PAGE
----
10 Skincare Myths Debunked by Dermatologists

10 Skincare Myths Debunked by Dermatologists

There are many myths about skincare. Some of these are harmless, and others are completely ridiculous. But all of them inspire the same response from dermatologists—clean skin is a myth! The majority of skincare advice out there is contradictory and misguided. We’ve all been given conflicting recommendations about our moisturizers, exfoliants, serums, oils, and soaps. So when we hear that clean skin is a myth, it can be easy to think that we don’t need to understand why or how this advice applies to our skin. But while clean skin may not seem like something that matters in real life, it’s very important — even if you live in an urban city.

What’s the Problem with Clean Skin?

First, let’s get this misconception out of the way. The general public has a lot of misconceptions about what clean skin means. While some people think that clean skin means no products, that’s not the case. While certain ingredients are technically “clean” because they don’t penetrate the skin, many other ingredients are not considered clean because they can cause acne, blackheads, whiteheads, or other skin breakouts. Other ingredients commonly associated with CLEAN SKIN, such as witch hazel and tea tree oil, can cause blackheads and whiteheads by what they do to the skin. If you have oily skin, you need to use a moisturizer because it keeps your skin hydrated, but that doesn’t mean that it is clean. Anyone with oily skin needs to use a moisturizer and not overthink it.

The Myth of Over- moisturization

Many people under moisturize their skin because they’re trying to look “healthier,” “younger,” or “wetter” without actually understanding the link between hydration and age spots. People often think they need to use a heavier moisturizer as they get older to prevent wrinkles, but a proper moisturizer should provide both hydration and anti-aging properties. Otaci Rose Passion Face Cream is a deep hydrated natural beauty essential. Our cream contains just the right amount of natural rose oil to moisturize and nourish your skin without leaving a greasy residue.

While it’s true that excess oil production is common in aging skin, this doesn’t mean that your skin has to be oily! If you’re not putting enough water into your skin, it will simply sit on top of the rest of your natural hydration levels, causing extra oiliness. While many experts recommend against using a facial steamer because it can dry out your skin, too much steaming can cause the same thing.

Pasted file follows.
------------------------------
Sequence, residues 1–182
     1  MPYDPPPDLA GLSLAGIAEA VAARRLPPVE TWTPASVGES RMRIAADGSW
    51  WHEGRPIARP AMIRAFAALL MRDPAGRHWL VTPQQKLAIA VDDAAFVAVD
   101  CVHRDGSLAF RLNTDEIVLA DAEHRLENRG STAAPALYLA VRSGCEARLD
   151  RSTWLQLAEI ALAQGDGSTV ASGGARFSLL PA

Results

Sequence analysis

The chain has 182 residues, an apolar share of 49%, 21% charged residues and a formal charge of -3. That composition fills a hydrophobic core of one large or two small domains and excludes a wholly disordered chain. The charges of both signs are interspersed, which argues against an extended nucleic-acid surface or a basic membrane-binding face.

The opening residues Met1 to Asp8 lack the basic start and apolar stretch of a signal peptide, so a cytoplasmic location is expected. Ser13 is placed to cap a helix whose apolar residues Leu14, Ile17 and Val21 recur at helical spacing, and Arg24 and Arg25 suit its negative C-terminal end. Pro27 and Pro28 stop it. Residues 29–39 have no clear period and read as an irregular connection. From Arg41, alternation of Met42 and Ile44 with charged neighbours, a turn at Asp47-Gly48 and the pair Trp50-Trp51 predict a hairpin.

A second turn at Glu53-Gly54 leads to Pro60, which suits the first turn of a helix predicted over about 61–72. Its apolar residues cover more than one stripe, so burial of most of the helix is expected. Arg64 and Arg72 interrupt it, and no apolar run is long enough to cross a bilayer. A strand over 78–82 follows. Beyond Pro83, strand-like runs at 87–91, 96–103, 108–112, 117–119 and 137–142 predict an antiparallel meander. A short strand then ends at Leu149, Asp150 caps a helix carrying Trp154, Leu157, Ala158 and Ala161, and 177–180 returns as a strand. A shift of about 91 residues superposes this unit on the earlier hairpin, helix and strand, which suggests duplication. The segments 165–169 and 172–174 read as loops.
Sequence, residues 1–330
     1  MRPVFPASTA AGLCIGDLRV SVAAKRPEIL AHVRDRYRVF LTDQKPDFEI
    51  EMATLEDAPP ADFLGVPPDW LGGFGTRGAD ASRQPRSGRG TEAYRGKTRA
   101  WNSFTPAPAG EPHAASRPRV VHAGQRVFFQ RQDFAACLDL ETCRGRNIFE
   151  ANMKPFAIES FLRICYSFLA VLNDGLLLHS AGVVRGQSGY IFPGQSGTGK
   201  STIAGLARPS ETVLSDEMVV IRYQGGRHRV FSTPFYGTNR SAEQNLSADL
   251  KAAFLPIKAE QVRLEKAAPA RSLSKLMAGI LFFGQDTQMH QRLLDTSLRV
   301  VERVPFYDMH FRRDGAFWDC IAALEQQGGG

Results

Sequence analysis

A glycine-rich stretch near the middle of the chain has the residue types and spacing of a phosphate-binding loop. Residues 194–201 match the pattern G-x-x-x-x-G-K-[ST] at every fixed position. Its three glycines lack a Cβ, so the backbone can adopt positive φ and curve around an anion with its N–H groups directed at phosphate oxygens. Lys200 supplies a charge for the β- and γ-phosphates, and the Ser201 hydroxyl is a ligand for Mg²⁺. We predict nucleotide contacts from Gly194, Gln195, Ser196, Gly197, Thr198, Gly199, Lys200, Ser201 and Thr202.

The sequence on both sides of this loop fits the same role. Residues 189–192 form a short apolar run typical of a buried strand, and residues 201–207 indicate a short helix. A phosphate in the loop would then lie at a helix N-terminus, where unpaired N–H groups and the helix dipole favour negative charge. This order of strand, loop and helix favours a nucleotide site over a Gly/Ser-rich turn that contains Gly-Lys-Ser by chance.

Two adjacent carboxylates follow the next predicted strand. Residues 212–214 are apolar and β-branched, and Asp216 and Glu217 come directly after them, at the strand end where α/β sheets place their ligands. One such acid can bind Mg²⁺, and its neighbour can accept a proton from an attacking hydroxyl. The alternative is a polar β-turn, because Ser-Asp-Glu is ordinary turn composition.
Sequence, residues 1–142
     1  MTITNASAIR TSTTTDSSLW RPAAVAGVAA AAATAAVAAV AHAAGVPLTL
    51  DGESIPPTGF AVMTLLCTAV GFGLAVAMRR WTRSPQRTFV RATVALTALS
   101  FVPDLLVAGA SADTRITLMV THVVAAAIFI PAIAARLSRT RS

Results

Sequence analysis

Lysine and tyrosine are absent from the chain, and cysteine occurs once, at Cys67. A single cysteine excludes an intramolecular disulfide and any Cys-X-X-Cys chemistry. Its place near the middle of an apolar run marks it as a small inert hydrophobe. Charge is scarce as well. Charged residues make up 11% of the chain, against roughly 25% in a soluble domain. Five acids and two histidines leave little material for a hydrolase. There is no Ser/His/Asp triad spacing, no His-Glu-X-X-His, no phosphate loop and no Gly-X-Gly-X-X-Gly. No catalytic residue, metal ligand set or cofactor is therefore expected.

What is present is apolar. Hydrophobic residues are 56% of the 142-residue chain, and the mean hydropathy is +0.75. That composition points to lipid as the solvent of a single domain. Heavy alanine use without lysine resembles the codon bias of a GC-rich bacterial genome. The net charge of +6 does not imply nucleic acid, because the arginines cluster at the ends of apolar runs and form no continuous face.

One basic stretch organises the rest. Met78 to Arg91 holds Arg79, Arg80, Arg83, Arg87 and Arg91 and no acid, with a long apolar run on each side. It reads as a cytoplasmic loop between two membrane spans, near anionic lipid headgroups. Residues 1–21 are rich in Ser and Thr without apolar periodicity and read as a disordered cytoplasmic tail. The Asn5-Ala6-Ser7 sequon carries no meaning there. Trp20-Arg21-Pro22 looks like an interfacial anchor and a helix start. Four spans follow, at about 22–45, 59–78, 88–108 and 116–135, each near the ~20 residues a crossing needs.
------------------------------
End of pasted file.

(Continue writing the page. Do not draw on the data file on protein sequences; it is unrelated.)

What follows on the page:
The Myth of Dry Skin

Dry skin is also commonly conflated with acne, although acne is a combination of clogging pores and rehydrating the skin. Many acne products also contain alcohol, which can dry the skin even more. While it’s true that the skin needs to be cleansed twice a day, it’s also true that when your skin is clean, it’s less likely to produce excess oiliness. And while it’s true that certain ingredients in acnegenic skin (e.g., Benzoyl Peroxide) can be harmful, it’s also true that other ingredients (e.g., Tea Tree Oil) can be used to cleanse acne. Instead of worrying about your skin being dry or oily, you should look at your overall skin health and try to maintain a balance between oily and dry skin types.

The Myth of UV rays and blackheads

The idea that UV rays from the sun cause blackheads and whiteheads are a myth. While there is some evidence that ultraviolet rays can penetrate the skin’s surface and cause pores to get clogged, this effect is small and short-lived. Even in the presence of oil-producing products in the skin, such as acne medication or a high- SPF sunscreen, UV rays can only penetrate a tiny fraction of the skin’s depth. And lastly, while blackheads and whiteheads may occur when extracting clogged pores with a blackhead extractor, this is a sign that your skin is clean and not over-proliferated. If you have black or whiteheads, try to get them under control using a brush or beauty blemish removal tool instead of scrubbing them out with a scrubber.


The myth of clean skin is perpetuated for a couple of reasons. First, it is easier to understand and communicate if you talk about a myth, not a fact. Second, it is more likely to be accepted by your friends if you tell them you broke the news that clean skin is a myth, not fact. But don’t let these misconceptions stop you from progressing towards healthier skin. Effective skincare treatments can help clean skin and keep it healthy.

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